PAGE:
Trek Do­mane SLR 7

The en­durance bike gets smoother

Canadian Cycling Magazine - - ROAD TEST - Re­viewed by

TMatthew Pioro

here are no cob­bles where I live. But, of course, there are crummy roads. I took the Trek Do­mane slr 7 to one of the crum­mi­est in my area. In fact, the last time I was on this road was prob­a­bly three years ago. The cracks and pot­holes had bashed me around so much that I de­cided the road wasn’t worth rid­ing. To my sur­prise, the street was now get­ting resur­faced. On two of the four lanes, road crews had scraped away the top 3 cm of as­phalt leav­ing the per­fect test­ing ground for the rear and front Isospeed, Trek’s me­chan­i­cal meth­ods of man­ag­ing road vi­bra­tions. The road sur­face was rough, but con­sis­tent in its bumpi­ness. When the Do­mane de­buted in 2012, it had the Isospeed de­cou­pler, which al­lowed the seat tube a greater amount of move­ment be­tween the tops of the seat­stays. The Isospeed de­cou­pler on the lat­est Do­mane, launched this past spring, is ad­justable. Loosen a bolt on the seat tube to free up a slider. If you place the slider close to the top tube, you get the least amount of com­pli­ance. Move the slider to­ward the bot­tom bracket to get max­i­mum com­pli­ance. The slider es­sen­tially acts as a ful­crum that you use to ad­just the lever­age on this two-piece seat tube. You can tune your ride to suit your weight and road con­di­tions.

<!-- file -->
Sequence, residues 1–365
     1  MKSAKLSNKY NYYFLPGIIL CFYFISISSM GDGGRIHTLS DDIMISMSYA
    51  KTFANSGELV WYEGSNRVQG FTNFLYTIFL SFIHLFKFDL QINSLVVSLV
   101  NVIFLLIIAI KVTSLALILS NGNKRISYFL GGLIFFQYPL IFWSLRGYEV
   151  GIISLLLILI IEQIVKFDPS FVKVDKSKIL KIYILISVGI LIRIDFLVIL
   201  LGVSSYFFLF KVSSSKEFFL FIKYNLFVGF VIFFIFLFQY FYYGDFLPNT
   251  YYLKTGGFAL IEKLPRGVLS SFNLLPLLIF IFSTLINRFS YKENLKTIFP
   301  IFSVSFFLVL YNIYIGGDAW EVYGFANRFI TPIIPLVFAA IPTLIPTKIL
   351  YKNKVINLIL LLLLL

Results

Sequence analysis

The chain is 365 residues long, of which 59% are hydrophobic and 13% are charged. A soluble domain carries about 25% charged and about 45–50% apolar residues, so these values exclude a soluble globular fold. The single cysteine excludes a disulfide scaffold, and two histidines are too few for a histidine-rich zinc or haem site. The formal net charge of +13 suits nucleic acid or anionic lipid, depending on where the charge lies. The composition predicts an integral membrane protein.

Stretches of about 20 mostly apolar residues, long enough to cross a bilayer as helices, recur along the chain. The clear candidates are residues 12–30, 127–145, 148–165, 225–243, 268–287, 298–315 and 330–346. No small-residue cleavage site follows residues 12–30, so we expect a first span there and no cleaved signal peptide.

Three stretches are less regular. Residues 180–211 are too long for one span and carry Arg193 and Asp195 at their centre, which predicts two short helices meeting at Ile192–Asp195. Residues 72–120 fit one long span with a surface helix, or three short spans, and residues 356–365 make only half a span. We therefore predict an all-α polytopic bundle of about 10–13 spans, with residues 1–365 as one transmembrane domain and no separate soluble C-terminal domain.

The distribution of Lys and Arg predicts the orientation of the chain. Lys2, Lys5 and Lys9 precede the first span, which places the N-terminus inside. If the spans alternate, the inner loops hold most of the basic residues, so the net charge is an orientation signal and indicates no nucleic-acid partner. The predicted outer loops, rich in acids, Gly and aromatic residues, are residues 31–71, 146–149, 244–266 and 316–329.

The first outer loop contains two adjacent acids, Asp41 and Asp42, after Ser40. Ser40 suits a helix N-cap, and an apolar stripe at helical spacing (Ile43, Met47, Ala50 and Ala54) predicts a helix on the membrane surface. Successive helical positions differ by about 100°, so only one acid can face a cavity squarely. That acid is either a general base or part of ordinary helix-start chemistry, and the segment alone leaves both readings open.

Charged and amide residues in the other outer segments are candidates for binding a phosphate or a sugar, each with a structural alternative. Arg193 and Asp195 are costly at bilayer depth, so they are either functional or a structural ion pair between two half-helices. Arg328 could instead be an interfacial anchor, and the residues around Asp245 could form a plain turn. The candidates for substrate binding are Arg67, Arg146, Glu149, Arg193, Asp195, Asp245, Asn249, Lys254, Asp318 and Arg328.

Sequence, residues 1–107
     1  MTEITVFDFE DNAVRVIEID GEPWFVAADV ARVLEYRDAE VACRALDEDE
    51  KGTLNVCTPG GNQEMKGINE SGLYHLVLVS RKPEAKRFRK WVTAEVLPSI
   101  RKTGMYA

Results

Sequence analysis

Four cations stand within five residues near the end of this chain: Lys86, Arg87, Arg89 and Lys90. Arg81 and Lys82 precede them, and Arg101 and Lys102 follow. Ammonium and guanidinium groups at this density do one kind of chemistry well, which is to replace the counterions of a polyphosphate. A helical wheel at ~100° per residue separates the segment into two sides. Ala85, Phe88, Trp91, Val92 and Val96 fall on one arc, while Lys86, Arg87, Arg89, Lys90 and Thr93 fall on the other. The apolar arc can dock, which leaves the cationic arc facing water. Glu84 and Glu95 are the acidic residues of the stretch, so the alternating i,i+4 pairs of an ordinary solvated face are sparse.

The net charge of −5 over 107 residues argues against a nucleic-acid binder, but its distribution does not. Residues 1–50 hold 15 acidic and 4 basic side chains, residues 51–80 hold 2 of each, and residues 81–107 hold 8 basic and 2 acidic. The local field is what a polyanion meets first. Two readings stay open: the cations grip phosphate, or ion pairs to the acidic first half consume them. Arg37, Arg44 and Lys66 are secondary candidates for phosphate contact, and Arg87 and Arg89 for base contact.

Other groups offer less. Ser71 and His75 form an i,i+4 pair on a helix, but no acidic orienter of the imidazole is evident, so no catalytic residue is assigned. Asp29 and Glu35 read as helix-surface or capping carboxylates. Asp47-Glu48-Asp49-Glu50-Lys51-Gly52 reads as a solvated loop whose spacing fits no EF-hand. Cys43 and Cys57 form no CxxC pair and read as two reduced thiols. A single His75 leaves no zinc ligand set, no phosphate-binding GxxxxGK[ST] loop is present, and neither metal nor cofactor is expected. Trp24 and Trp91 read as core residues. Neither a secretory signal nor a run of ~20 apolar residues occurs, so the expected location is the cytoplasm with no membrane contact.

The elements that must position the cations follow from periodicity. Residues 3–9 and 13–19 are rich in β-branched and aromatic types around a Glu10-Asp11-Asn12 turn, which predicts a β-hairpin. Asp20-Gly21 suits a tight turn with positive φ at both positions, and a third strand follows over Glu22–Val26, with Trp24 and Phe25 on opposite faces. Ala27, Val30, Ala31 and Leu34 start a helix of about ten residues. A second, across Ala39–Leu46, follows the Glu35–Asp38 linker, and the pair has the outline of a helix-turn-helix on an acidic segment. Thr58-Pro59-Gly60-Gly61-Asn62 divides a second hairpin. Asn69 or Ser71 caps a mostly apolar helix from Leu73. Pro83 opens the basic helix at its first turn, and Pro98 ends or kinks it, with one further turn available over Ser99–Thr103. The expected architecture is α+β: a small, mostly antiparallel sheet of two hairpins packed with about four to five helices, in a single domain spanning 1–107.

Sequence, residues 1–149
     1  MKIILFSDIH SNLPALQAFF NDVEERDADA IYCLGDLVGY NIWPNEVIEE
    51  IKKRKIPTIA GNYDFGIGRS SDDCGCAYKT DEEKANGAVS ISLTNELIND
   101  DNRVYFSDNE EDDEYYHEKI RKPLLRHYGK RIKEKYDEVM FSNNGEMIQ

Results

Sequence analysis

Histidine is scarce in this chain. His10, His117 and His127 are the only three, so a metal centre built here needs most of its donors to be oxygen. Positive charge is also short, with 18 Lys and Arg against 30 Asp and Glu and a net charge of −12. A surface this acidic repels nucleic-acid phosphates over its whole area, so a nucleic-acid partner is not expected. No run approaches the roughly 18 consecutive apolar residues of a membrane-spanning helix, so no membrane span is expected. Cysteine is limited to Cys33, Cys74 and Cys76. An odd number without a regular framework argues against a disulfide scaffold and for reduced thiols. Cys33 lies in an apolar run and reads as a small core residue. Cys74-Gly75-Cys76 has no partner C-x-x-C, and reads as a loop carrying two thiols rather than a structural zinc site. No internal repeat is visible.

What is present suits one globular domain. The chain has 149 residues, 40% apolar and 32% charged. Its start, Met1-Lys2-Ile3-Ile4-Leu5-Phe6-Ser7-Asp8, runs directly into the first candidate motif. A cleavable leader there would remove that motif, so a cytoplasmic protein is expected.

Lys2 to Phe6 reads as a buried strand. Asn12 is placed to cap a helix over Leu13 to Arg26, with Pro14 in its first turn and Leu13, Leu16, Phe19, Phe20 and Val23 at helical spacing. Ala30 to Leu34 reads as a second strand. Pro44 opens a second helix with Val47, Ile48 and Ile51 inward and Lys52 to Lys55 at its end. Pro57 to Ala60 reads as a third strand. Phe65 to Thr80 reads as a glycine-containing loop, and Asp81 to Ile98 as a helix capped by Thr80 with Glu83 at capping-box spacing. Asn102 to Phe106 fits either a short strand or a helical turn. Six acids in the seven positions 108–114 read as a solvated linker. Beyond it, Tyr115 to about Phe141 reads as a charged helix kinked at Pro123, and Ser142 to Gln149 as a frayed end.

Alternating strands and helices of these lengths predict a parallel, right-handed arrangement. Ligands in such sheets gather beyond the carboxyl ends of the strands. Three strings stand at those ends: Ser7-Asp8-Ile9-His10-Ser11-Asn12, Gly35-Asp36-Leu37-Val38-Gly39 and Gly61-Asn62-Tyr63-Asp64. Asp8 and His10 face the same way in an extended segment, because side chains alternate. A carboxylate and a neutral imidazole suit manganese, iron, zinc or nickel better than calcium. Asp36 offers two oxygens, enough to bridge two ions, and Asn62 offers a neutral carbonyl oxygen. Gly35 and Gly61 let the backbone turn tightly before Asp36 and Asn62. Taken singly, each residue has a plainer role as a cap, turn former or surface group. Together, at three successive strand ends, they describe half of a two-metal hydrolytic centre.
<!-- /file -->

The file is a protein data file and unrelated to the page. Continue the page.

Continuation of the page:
The front Isospeed, in the head tube, de­buted on the lat­est model. “There are three bear­ings in the head tube,” said Tim Har­tung, lead de­sign en­gi­neer for com­pos­ite road frames at Trek. “You have your stan­dard lower bear­ing. The pivot as­sem­bly up top ac­tu­ally has two bear­ings. In the mid­dle of those bear­ings, you have this pivot mech­a­nism, which we call Isospeed. That forces the steerer tube to flex fore and aft. It’s like the rear end: you get your fore-and-aft move­ment in

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